All in all, this is an almost contemplative volume, but none the less impressive for that. It marks the calm before the storm which is looming on the horizon in form of the much-dreaded final Volume 15…...more
This third installment of Shadow Unit contains ”Refining Fire” the Season 1 finale (either a long novella or a short novel, depending on how you wantThis third installment of Shadow Unit contains ”Refining Fire” the Season 1 finale (either a long novella or a short novel, depending on how you want to consider it), written by Emmal Bull and Elizabeth Bear, together with a great number of vignettes. In it, one of the Unit’s members is captured by a gamma (the super-powered criminals the Shadow Unit is investigating) – quite a common maneuvre for crime show and fiction to raise the stakes and ratchet up tension, but I do not remember having it ever seen done quite this way before. Not only because it turns it out that there is a rather close connection between kidnapper and victim, but chiefly in the way that captivity is narrated – there is not even the faintest trace of glamourization here, and “Refining Fire” spares the reader none of the details that TV shows (and indeed, most novels) merely gloss over if they mention them at all. This is not for the faint of heart – there is not a lot of actual physical violence here, but an intense and very vivid depiction of what it means to be completely in the power of someone who has no moral restraints at all, which makes for a chilling and very uncomfortable read. It is not all bleakness though – the final vignettes show the reaction of all the team members to the finale’s events, and those are full with moments of touching friendship and heartwarming kindness. Shadow Unit is great stuff, and I’m greatly looking forward to reading Season 2....more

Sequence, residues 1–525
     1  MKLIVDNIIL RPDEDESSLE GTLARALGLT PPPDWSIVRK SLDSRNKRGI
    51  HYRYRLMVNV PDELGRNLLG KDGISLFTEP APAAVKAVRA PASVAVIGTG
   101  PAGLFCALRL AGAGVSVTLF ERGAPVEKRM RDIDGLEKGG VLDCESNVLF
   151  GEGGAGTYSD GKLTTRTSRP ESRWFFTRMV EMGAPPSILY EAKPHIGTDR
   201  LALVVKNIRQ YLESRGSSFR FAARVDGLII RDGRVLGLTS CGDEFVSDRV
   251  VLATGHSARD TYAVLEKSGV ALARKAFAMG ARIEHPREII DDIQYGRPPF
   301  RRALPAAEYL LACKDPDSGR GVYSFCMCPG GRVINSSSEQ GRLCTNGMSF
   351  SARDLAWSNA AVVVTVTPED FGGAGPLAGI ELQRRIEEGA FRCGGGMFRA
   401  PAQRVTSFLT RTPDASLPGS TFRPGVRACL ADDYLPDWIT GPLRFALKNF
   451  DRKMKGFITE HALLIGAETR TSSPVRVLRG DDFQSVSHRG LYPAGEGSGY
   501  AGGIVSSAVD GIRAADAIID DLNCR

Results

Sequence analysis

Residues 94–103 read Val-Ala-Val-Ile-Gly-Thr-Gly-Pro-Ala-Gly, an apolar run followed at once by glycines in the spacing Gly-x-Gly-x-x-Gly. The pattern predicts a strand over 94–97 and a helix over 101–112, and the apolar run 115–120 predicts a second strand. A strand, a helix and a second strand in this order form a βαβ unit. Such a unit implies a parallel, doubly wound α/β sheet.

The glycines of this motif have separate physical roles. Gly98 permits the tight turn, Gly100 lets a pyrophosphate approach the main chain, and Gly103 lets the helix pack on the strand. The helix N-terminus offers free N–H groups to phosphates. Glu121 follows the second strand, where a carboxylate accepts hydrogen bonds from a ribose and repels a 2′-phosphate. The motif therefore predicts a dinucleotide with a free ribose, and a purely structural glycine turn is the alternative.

I’ve been fascinated by Shadow Unit ever since I first read about it – both because of the concept and because several favourite authors (Elizabeth BeI’ve been fascinated by Shadow Unit ever since I first read about it – both because of the concept and because several favourite authors (Elizabeth Bear! Sarah Monette! Amanda Downum!) are involved with this. The problem used to be that I do not much like to read on the computer, so except for the occasional, wistful-sigh-accompanied visits to the web site nothing ever came of the fascination. – But now I have Kindle, and with some really fortituous timing all three completed seasons are out as e-books, so I can finally read them. And you know what? Judging by this first instalment, they’re just as good as I expected.